By Lauren Shipley, Product Owner, 529 Products at The Vanguard Group

October 27, 2020

With Halloween approaching, it is fitting to talk about scary things and fears. For many people, big financial goals can be scary and hard to quantify, and the uncertainty can lead to taking no action.

One specific scary topic, and a hard goal to quantify, is how much to save for higher education. There are a number of reasons why this is difficult: (1) many Americans have not had a strong foundation in financial empowerment; (2) in recent history the cost of higher education has grown at a higher pace than inflation; (3) increased discussions and legislation around free college; and (4) higher education in a remote learning environment.

The structure of goal setting for college becomes similar to one of the Algebra 2 math problems we are helping our kids with during virtual school; the key is breaking it down into simple concepts. The same goes for college savings. The first step is determining your personal savings goal. There is no complex algorithm needed to get to your final figure. The reality is any savings has value, and there is no one size fits all. Here are some questions to ask yourself as you set your goal:

  1. What can you afford?

You may have child care or other expenses that spread your finances thin, so a $500 monthly savings goal could be unrealistic. However, using a portion of your commuter savings during extended remote working, might be where you start. Review your budget to identify a realistic goal.

  1. How disciplined are you?

Saving takes work and discipline. Automatic investing make sense from helping with budgeting to building savings over time; and to supplement your automatic savings, consider birthday cash or work bonuses.

  1. Can you crowd source?

Grandparents, aunts, uncles, and extended family may share in your desire to support your child’s dreams. Many will welcome the opportunity to have an alternative gifting option beyond toys or video games.

Doing some self-reflection like answering the questions above or using a college savings planner can be the key in warding off the spell of our financial fears. An important thing to realize is any progress towards your savings goal can give you that winning feeling and a better chance for success.

The next step is determining what resources can help you reach your goal, and give you the best opportunity for success. 529 plans are a great option with their tax-deferred growth and potential state tax benefits. Learn the basics here and consider some additional features 529 plans offer:

  • Investment options that don’t require a Ph.D.: 529 plans offer investment choices for every level of investor. Most 529 plans have investment choices that don’t require you to be an expert in asset allocation and time horizons, and offer a simple approach to creating a broadly diversified portfolio to help meet your savings goals. Typical age-based options, designed specifically to invest for higher education, shift from stocks to bonds as your child gets older and closer to high school graduation. These portfolios lower your investment risk over time —putting asset allocation on auto-pilot.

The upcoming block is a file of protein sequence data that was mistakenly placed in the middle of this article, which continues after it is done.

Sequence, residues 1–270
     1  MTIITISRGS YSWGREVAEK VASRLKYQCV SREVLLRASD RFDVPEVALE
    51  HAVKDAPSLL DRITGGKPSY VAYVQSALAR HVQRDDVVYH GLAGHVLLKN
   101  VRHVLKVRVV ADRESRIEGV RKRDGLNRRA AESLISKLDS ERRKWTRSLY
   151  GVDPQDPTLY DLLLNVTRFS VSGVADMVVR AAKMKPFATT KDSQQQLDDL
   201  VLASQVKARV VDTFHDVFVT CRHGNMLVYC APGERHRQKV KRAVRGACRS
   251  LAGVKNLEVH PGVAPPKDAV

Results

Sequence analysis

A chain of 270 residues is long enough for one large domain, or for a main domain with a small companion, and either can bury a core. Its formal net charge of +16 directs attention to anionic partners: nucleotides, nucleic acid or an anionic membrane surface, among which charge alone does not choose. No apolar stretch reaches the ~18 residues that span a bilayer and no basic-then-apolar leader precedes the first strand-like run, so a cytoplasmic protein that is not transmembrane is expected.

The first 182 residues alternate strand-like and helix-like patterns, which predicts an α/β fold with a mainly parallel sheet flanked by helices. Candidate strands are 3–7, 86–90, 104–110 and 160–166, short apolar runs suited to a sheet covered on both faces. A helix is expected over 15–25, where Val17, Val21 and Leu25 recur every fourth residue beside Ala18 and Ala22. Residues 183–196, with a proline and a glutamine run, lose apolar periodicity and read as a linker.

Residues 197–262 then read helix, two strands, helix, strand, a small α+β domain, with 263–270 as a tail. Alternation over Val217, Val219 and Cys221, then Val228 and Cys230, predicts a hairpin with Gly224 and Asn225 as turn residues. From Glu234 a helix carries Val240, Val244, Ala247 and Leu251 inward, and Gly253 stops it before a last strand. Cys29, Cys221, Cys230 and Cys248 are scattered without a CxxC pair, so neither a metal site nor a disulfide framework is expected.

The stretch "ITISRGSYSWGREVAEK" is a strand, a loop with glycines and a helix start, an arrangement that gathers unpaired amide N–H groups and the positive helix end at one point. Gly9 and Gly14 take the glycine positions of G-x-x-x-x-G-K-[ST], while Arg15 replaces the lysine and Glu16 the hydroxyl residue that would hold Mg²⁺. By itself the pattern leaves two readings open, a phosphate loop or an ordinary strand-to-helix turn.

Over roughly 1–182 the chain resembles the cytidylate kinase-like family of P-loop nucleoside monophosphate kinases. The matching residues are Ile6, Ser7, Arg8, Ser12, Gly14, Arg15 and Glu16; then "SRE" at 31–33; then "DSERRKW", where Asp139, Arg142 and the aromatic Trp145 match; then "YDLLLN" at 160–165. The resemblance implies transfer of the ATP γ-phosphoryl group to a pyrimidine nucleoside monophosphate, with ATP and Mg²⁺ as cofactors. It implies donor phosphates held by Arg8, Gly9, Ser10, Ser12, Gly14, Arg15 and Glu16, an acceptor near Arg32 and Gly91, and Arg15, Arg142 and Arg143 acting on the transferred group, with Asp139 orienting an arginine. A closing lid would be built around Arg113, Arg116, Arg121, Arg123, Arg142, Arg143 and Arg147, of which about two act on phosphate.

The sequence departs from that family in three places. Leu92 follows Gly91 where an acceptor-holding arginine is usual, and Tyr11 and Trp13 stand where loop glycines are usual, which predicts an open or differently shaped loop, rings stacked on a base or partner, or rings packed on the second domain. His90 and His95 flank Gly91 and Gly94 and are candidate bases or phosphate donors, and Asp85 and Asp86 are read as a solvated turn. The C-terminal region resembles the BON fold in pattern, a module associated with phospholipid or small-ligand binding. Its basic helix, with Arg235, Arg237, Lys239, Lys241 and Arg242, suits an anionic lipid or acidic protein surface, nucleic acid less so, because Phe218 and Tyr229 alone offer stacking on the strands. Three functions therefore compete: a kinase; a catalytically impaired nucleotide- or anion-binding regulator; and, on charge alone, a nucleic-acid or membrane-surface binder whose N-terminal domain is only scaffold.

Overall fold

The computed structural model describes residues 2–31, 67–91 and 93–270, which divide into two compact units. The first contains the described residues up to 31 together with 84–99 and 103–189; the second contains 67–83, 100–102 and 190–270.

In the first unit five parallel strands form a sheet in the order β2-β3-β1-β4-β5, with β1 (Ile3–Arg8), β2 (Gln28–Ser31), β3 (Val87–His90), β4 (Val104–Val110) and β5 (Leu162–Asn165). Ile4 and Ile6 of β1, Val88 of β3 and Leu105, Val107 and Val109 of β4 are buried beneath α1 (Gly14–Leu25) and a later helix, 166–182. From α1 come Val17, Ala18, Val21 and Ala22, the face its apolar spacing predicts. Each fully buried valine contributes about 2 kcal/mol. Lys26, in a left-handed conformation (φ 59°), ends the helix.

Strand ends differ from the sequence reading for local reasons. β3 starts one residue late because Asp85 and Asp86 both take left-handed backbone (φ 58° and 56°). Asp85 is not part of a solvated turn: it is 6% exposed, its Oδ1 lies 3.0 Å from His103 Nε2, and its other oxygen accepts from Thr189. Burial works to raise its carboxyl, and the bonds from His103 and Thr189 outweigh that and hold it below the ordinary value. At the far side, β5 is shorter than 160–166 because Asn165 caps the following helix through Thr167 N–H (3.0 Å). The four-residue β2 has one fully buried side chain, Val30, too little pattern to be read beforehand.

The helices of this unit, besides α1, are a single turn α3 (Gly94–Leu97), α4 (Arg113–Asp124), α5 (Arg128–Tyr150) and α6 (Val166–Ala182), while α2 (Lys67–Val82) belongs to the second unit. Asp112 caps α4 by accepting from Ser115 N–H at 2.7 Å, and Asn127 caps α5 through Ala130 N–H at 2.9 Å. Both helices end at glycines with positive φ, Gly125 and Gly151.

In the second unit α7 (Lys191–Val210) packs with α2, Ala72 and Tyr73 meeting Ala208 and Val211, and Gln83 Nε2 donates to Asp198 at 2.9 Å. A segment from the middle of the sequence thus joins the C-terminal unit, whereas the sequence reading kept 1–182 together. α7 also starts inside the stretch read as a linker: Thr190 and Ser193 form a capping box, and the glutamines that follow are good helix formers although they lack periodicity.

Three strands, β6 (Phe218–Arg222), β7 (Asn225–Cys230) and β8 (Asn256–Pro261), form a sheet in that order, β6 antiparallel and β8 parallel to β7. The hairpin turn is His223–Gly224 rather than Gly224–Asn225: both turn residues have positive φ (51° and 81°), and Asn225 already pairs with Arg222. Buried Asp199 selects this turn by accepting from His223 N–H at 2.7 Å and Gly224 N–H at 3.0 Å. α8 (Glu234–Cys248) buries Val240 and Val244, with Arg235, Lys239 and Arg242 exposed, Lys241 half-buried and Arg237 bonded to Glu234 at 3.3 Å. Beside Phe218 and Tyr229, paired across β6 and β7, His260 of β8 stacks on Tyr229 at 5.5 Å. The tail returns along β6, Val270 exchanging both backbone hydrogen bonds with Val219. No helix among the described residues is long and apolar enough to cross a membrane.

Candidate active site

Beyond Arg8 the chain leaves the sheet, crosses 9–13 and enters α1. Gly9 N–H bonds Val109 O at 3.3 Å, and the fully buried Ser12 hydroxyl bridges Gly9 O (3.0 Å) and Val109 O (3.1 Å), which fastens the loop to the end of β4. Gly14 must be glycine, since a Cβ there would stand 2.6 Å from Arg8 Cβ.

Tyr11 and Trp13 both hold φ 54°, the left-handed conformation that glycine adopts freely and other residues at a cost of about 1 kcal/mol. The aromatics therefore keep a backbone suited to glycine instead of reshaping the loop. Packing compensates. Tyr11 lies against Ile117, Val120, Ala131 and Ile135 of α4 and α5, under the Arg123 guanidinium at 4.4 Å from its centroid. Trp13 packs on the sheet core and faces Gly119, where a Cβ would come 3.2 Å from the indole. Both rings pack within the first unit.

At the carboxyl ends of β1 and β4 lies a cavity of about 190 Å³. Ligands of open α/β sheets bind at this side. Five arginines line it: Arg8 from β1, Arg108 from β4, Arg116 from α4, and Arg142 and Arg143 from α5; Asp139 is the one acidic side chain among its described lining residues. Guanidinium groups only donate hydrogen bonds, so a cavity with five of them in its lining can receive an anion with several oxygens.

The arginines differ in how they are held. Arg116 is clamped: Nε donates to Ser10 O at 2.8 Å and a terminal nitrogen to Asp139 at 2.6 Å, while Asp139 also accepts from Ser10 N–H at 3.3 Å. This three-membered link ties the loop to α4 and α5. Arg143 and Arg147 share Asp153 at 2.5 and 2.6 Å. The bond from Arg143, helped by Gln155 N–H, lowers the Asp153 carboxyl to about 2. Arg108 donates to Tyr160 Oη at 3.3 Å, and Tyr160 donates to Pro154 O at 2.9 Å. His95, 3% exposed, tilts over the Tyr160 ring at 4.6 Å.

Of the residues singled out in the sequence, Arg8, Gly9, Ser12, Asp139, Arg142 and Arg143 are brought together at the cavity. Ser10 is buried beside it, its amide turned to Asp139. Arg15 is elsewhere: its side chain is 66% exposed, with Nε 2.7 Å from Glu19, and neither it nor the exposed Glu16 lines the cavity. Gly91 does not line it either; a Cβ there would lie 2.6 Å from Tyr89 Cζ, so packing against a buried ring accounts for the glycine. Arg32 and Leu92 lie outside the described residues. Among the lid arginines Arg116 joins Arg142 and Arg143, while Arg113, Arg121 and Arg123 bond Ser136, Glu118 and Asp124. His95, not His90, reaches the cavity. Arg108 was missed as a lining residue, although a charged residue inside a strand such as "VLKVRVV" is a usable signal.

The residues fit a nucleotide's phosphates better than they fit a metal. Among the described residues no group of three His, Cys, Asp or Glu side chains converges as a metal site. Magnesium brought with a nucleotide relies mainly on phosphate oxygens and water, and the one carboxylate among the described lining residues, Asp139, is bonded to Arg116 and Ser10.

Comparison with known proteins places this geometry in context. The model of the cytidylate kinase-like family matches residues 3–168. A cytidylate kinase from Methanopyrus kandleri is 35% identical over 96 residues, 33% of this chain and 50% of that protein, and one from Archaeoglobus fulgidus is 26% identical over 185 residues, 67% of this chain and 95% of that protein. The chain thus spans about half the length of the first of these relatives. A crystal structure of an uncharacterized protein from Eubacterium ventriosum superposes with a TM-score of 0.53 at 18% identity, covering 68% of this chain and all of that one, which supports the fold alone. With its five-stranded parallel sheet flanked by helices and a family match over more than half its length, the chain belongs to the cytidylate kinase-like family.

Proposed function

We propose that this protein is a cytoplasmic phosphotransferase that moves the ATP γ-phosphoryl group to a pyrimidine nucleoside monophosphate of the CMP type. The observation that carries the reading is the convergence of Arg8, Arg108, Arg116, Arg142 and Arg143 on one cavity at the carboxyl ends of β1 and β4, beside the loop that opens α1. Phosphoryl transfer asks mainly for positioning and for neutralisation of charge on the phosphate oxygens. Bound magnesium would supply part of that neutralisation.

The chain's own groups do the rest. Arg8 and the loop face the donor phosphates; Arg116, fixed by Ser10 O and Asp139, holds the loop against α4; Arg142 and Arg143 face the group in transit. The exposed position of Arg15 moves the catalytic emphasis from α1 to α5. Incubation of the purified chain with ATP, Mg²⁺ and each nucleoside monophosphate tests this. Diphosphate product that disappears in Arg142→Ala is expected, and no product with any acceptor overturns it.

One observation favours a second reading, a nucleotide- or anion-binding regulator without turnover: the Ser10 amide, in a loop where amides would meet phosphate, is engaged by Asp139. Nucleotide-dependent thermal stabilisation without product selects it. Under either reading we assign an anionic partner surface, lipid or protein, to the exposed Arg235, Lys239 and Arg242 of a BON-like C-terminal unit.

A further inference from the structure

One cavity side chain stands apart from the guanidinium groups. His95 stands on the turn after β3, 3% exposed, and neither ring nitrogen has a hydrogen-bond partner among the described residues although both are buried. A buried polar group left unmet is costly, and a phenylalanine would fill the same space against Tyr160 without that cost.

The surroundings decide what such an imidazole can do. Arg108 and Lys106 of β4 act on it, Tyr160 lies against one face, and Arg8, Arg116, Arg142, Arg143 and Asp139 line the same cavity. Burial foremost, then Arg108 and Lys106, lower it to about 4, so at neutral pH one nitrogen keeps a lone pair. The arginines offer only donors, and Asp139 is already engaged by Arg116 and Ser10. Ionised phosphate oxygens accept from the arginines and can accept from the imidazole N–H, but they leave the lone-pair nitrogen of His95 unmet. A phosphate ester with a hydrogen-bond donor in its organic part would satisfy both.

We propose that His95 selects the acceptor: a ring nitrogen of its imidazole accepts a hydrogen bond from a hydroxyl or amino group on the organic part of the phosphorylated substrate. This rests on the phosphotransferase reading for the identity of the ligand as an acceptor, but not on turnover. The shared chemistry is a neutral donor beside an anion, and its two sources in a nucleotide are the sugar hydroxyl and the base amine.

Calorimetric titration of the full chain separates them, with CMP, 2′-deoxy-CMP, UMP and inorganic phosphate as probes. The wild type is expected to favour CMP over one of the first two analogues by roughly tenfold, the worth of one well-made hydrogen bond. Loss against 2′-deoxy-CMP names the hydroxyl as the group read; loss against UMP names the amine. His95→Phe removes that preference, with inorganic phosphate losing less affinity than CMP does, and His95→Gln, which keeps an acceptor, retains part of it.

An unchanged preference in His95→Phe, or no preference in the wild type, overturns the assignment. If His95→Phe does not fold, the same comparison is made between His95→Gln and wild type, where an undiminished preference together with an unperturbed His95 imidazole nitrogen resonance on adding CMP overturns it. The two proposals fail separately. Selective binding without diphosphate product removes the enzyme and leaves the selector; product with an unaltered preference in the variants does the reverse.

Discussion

• Flexibility for the unknown: It is hard to predict the future, but 529 plans have flexibility to help with life’s changes. Savings can be used across the country at a wide variety of eligible schools — including two-year colleges, four-year colleges, and trade and vocational schools. And if your student doesn’t need the savings because of scholarships, military service or skipping higher education, you have options. You can stay invested in case they decide to attend school later, as there’s no age limit on using the money. Or you can change the beneficiary to an eligible family member. Worst case, you can withdraw the money for other uses. (However, keep in mind here that there are tax implications if you withdraw the money for nonqualified expenses. You will want to check with your tax advisor for any specifics.)

There can be a lot of anxiety around savings; however, most parents would agree having a teenager instills much more fear. Families should always remember that savings is personal and any amount put aside can help their student or family avoid debt. Like any important goal, reducing the out-of-pocket cost of attending college just takes planning: start now, make savings a habit, and simplify your investment approach. Simple steps like these can help overcome your college savings fear, and give you the courage to take the sidewalk to Freddy Kreuger’s house one step at a time.


About the Author

Lauren Shipley is currently is a Product Owner aligned to 529 products at The Vanguard Group. She also serves as a volunteer outside of her job responsibilities alongside 125 other dedicated Vanguard crew members who support My Classroom Economy, a FREE program that enables any educator to teach children grades K through 12 financial responsibility through fun, experiential learning.


For more information about any 529 college savings plan, contact the plan provider to obtain a program description, which includes investment objectives, risks, charges, expenses, and other information; read and consider it carefully before investing. If you are not a taxpayer of the state offering the plan, consider before investing whether your or the designated beneficiary’s home state offers any state tax or other benefits that are only available for investments in such state’s qualified tuition program. Vanguard Marketing Corporation serves as distributor for some 529 plans.